Warsaw Philharmonia

Symphonic Orchestra of the National Philharmonic 
Marek Pijarowski.

Performance order Finals Friday 7 February (Concerto Stage)

Viet Trung

Performance order Finals Saturday 8 February (Concerto Stage)


Portrait of the young Chopin by Ambroży Mieroszewski (1829)

First a few words about the E Minor Piano Concerto Op.11 and how I conceive of it. The review will then perhaps make a little more sense seen through the inescapable filter of my own life experience, that of just one listener. 

As is well known, although designated No.1, it is actually his second concerto. The first written was in F-minor Op.21. The issue is not of the greatest chronological significance because Chopin’s two piano concertos were composed within a year of each other. I am always amazed at the nature of true genius as it was written when Chopin was in his late teens. Perhaps this is why fine performances are often during the International Chopin Piano Competitions in Warsaw when performed by young pianists of much the same age as the composer. At its premiere in 1830, he played the piano part himself, and the concert marked his final public appearance as a pianist in Poland. Soon Chopin was to leave for Vienna and then Paris, where he remained for the rest of his life.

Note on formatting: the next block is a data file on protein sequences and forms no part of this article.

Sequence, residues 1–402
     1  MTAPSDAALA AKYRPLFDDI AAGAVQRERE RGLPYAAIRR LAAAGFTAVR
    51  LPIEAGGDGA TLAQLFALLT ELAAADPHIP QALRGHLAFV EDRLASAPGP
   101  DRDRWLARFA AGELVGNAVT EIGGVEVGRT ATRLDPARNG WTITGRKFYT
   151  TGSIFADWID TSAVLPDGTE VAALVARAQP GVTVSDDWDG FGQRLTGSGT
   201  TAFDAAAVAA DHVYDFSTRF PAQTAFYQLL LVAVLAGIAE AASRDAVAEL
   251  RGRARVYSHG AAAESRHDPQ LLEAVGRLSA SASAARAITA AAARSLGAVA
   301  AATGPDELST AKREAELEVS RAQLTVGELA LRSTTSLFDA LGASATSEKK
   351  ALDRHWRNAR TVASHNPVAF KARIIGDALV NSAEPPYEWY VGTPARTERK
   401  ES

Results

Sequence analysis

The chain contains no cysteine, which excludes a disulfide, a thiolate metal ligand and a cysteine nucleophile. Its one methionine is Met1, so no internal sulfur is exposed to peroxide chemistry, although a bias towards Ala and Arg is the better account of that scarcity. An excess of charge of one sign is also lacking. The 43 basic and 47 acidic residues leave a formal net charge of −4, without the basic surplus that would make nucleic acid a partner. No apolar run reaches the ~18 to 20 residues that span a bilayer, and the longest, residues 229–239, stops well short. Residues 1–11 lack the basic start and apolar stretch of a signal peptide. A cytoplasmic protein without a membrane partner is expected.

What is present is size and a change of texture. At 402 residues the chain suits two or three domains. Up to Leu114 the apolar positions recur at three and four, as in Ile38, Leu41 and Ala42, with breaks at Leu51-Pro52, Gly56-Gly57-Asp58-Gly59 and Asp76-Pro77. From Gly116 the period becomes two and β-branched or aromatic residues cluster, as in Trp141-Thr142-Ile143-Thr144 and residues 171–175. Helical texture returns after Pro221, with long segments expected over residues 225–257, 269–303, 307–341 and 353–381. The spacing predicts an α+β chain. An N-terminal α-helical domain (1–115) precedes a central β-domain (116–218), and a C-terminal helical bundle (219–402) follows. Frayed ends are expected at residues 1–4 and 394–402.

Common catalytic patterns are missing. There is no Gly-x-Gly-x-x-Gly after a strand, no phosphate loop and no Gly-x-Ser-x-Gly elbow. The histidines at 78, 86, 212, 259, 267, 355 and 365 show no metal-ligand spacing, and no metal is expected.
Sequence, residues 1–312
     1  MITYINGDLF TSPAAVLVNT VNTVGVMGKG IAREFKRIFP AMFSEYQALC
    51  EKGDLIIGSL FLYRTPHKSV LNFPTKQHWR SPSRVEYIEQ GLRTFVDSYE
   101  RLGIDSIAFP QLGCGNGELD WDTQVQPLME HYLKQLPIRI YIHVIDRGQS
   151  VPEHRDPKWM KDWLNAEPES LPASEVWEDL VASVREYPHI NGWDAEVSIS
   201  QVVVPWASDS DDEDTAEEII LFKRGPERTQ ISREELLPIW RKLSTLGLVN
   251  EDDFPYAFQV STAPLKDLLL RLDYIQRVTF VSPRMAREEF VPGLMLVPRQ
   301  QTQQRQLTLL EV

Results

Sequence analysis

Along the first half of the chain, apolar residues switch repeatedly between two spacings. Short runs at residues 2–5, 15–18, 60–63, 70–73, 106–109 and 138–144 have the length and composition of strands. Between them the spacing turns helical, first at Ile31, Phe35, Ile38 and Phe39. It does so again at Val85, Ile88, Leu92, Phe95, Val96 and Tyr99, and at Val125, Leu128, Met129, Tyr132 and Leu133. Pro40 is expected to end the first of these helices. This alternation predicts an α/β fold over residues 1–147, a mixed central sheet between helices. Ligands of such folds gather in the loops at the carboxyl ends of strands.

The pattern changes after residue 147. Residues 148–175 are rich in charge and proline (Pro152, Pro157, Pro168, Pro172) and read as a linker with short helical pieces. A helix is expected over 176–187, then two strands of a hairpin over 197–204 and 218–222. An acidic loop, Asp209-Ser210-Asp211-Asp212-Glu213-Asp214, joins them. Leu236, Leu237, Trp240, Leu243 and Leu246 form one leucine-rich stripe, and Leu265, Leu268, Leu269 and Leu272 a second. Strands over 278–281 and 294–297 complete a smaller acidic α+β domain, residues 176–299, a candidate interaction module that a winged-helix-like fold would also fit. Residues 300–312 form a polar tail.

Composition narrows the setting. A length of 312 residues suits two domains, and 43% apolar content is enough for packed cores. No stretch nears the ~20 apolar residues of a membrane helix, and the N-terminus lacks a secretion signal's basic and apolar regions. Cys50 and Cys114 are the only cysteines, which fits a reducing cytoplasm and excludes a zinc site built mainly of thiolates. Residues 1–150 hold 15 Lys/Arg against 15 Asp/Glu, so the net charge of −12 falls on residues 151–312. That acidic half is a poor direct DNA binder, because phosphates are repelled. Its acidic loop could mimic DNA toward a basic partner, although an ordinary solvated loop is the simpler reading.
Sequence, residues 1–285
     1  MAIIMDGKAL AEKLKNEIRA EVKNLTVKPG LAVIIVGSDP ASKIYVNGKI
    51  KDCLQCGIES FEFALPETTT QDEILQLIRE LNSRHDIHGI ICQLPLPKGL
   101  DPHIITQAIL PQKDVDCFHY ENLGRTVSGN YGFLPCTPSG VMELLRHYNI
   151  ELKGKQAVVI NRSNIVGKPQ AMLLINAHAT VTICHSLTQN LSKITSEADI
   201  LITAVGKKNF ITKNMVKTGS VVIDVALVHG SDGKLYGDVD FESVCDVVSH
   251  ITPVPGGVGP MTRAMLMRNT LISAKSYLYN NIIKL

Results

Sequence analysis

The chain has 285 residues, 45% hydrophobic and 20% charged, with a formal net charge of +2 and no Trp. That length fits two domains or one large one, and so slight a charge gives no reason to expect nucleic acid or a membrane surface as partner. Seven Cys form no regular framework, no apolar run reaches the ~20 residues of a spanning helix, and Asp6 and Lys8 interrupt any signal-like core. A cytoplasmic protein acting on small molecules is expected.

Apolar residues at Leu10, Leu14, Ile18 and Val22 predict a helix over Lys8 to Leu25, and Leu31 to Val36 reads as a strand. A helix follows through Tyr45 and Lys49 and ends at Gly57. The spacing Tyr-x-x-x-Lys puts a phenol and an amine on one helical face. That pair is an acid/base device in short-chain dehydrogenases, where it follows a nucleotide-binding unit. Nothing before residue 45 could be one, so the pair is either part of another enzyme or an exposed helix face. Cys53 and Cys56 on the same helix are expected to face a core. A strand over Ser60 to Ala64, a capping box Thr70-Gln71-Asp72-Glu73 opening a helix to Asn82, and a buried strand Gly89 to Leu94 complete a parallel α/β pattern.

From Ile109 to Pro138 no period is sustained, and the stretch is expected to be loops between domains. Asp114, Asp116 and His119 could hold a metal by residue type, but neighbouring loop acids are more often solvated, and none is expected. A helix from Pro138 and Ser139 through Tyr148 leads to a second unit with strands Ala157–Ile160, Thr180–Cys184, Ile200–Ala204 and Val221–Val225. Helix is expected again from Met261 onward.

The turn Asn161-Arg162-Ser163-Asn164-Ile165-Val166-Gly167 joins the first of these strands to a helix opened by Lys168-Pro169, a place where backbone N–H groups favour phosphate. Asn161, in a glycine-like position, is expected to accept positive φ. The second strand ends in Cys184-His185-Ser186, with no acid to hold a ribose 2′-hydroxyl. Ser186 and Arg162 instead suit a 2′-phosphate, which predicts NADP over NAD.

The opening Allegro movement has the character maestoso which we find in the noble and proud polonaises, a measured grandiosity that should be dispatched with èlan and poetry. The styl brillant of the period should be clear to hear in its animation and what in Chopin's day was termed 'enthusiasm'. Graceful rhapsodic sweeps remind me of eagles taking updrafts in the High Tatras. There are calm moments of reflection and fiorituras as delicate as Koniakowska lace.